I'm so sorry the book shopkeeper treated you so rudely! I think anyone reading your blog won't want to visit her shop again. She might be surprised to know that she not only lost your business but the business of people all around the world! She certainly could have handled things with much more finesse. I loved the door with the face - and the history of Anne.
~Adrienne~

Needled Mom said...

What an interesting place to visit. I loved the little history lesson too.

What a rude way to treat a customer!!! I see you did not "delete immediately" as ordered. ;-)

Loved the whimsical door!

HOPE said...

Such a shame the bookstore lady..if she only knew!

and..oh how funny the DOOR with the face!!

Such a wonderful walk with you..wish I was there in person.

Thank you!!
HOPE

Scriptor Senex said...

Another great walk, of course.

How sad that an experience which could have been so wonderful - the old bookshop - was turned into something unpleasant. When I saw your photos I was imagining my comment about 'Gosh, that's a bookshop, I'd love to spend hours in'. But now, I would touch it with a barge pole. Do people who are trying to sell things not realise how custoners should be treated? Even if she had a valid reason for not having the shop photographed (which is hard to imagine) she could have approached you so very differently and asked politely what your intentions were. So sad.

However, I'm not going to let her ruin my walk so I must pop over to a friend's e-mail and tell her about your blog. She lives in the Outer Hebrides but comes from Lewes. Lewes to Lewis! She' love this trip of yours.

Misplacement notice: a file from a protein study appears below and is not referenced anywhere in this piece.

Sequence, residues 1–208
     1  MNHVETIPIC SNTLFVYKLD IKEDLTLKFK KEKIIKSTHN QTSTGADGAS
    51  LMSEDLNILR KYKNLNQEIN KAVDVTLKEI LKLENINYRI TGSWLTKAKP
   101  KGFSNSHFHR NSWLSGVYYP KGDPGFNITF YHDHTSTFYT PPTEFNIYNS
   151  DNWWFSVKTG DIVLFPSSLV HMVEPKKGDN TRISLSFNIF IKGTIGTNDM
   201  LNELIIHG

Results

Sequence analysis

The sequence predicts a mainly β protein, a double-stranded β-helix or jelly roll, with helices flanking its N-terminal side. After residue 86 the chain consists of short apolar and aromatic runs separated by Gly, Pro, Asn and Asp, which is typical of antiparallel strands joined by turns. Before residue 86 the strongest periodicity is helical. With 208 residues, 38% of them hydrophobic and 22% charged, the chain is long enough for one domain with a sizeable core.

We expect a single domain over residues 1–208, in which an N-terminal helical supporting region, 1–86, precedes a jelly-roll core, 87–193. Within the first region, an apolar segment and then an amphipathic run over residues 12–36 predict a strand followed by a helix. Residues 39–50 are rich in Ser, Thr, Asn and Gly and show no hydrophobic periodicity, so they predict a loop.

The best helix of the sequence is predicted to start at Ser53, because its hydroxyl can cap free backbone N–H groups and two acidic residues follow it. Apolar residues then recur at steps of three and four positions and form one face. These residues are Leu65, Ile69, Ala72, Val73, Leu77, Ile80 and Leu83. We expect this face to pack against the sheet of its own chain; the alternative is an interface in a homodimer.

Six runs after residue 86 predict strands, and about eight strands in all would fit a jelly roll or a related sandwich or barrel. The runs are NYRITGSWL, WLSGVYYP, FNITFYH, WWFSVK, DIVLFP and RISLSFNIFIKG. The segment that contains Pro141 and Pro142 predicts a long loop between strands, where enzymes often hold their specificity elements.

bristowmom said...

Once again as I read your blog I think "I wish I could visit England". Sigh...

Lori Zehr said...

Lovely pictures as usual!

Patsy said...

I enjoyed this post very much.
Thanks for asking , The Bennie is well and doing so good. I hope your hubby is doing much better.

bristowmom said...

P.S. I read the biography. I think Anne of Cleves got a sweet deal! At least she didn't lose her head.

nikkipolani said...

Barbara, what a visual treat to see all the structures and textures you saw in your ramblings. I love seeing the bricks and stones and tiles. That book collection would have been fun to peruse, but obviously not camera-friendly! Oh well.

Vee said...

Fascinating biography of Anne. She sounds like a woman who knew exactly how to keep her head and one who fell in to a bit of a mess and came out quite well. I had to laugh at the young lady of Milan's comment.

How rude of the owner of the bookstore. I had a similar incident happen quite awhile ago now with someone who gave permission and then changed his mind. He stood over my shoulder watching as I deleted every photo.

Sara said...

Yes, that is quite a door! What a face he has. I loved this post, Barbara, I think because of all those old buildings and their history, and of course, the bookshop with the rude proprietor. I'm glad you did NOT delete the photo! And she probably lost a customer too, since you did not buy any books there.

Now I'm going to click the link to Anne of Cleve's biography.

Arlene said...

First time I'm posting but have been reading your blog for awhile now. Love all the photos you took of Lewes. Love all the historical houses and the castle. Too bad about the book shop. It looked amazing and I would certainly loved to have visited it. What did the woman think you were going to do with the photos? Can't imagine. Thanks for sharing.

Cathyjo said...

Thanks agin for sahing,it's the only way I get to travle and see the wrold.

Denise said...

Such a delightful walk, even if it was cold! I wish there was a "like" button for individual photos, there are so many I just love :-)

Diana Einagel Sly said...

Hello Barbara
Have been reading a wonderful book about the Ouse by Olivia Laing (To the River). She writes engagingly about Lewes, so i looked for pictures of that town on my iPad, and consequently came upon your marvellous pictures and comments. So glad you are blogging about your life and travels (!) You now have a friend in the Cowichan Valley on Vancouver Island, BC, Canada :)